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I have what I used to call a "butterfly brain": if something doesn't interest me, I find it almost impossible to stay focussed on the subject for more than a few minutes at once.

Back in my student days this wasn't a problem because most of the things I did and studied interested me a great deal. The same was true of my years in the junior workplace because things were novel and curious and that was enough to keep me going.

However, as I've got older and taken on more responsibility and things in my working life aren't so fresh and new any more this is increasingly becoming a problem for me. I feel I really need to learn how to focus for longer periods, almost like it's a life skill that I'm missing. I really have no idea how to do it.

A related issue is that I run out of patience when planning things, because I get bored and just want to get stuck in to the task at hand. And that's problematic at work, too.

I'm aware of the basic precepts, but they're just not terribly helpful. The "pomodoro technique" might help me focus for 20 minutes, but I need to focus for much longer tha that! And creating a distraction free space is almost impossible when you've got a smartphone in your pocket and a landline phone on your desk.

Are there any techniques or methods I can use to actually learn the ability to focus, like any other workplace skill?

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marked as duplicate by Raystafarian, Rory Alsop May 21 at 21:36

This question has been asked before and already has an answer. If those answers do not fully address your question, please ask a new question.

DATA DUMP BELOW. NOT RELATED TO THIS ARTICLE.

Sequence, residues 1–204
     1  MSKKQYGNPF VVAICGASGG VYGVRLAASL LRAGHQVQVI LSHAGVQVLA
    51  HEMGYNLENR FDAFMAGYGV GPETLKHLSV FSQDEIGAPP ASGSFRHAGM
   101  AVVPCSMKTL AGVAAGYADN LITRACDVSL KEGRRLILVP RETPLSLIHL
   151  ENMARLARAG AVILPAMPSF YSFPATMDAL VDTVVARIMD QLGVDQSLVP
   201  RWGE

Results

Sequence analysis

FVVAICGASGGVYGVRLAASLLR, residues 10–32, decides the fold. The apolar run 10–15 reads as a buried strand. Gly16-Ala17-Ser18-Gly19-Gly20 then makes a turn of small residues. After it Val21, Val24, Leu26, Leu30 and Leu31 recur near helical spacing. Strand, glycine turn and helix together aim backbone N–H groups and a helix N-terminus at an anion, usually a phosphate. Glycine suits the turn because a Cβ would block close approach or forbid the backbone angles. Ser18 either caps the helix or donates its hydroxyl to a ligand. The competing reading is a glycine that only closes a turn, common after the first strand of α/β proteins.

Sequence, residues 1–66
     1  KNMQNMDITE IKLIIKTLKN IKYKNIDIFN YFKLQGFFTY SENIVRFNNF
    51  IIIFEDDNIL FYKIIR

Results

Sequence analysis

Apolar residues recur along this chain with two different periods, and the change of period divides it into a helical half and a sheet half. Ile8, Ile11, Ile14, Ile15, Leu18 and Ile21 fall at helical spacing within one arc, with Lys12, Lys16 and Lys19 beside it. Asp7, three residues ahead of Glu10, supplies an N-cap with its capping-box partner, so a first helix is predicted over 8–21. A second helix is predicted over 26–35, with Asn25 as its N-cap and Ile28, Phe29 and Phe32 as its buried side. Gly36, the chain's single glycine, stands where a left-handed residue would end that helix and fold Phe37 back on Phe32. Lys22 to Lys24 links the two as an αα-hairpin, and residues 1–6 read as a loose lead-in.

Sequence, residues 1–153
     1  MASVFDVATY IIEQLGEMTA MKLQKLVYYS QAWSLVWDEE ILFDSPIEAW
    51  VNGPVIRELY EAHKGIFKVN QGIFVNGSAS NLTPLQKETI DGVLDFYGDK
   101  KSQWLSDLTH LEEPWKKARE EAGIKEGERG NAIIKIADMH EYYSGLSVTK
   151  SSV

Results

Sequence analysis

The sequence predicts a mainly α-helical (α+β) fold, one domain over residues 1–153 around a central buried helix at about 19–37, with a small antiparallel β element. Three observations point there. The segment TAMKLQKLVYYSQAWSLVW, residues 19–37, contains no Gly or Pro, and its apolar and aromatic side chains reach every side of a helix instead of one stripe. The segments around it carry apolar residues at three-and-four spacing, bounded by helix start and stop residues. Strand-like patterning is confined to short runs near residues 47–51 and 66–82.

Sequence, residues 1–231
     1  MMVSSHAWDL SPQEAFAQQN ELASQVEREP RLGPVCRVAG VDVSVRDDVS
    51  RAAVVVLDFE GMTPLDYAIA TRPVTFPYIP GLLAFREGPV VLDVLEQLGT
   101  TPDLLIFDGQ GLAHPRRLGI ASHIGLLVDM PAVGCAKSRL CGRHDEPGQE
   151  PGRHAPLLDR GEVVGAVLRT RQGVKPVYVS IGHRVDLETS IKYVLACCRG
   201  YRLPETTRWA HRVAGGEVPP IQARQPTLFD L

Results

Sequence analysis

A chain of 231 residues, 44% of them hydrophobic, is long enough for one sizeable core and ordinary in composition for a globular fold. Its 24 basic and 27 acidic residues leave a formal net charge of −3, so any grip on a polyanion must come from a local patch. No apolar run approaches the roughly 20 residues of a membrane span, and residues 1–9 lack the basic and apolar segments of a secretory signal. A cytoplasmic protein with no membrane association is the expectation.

Possible duplicates: productivity.stackexchange.com/questions/3607/… and productivity.stackexchange.com/questions/1698/…. How is this question different from those? –  Dennis S. May 21 at 14:59
    
I did look at some related questions and found them to be different. It's a popular topic and I didn't go through them all. However, the second of your examples is very similar so go ahead and close this as a duplicate. –  Matt Thrower May 21 at 15:05

1 Answer 1

I feel with you. I pine for the days when I could sit down and read a book for two hours straight.

I would suggest that you don't aim for concentrating for longer periods right away. Try concentrating for a shorter period first. (Learn to walk before you try to run.) Pomodoro should be wonderful for exactly this. Once you have mastered the skill of concentrating for 20 minutes through Pomodoro, simply crank up the Pomodoro period to 25 minutes... 30 minutes... and so on.

But don't forget to reward yourself even for an uninterrupted 20 minutes. Reward (i.e., reinforcement) is important!

Whatever length of time you aim for, make sure you are not interrupted. It will be hard enough to keep yourself from interrupting yourself, so the least you can do is stop outside interruptions.

  • Turn off your mobile and disconnect your landline. If this could cause problems with people who count on your being available, discuss this with them beforehand - maybe put blocker appointments in your calendar to communicate your "concentration time".
  • Kill your email application while you concentrate. Check emails outside your "concentration time". Think about checking your emails only during specified times in the day. At the very least turn off the desktop notification for new emails.
  • Turn off your browser during your "concentration time", or install one of the many blocker add-ins to keep you from surfing to your favorite concentration killing site.
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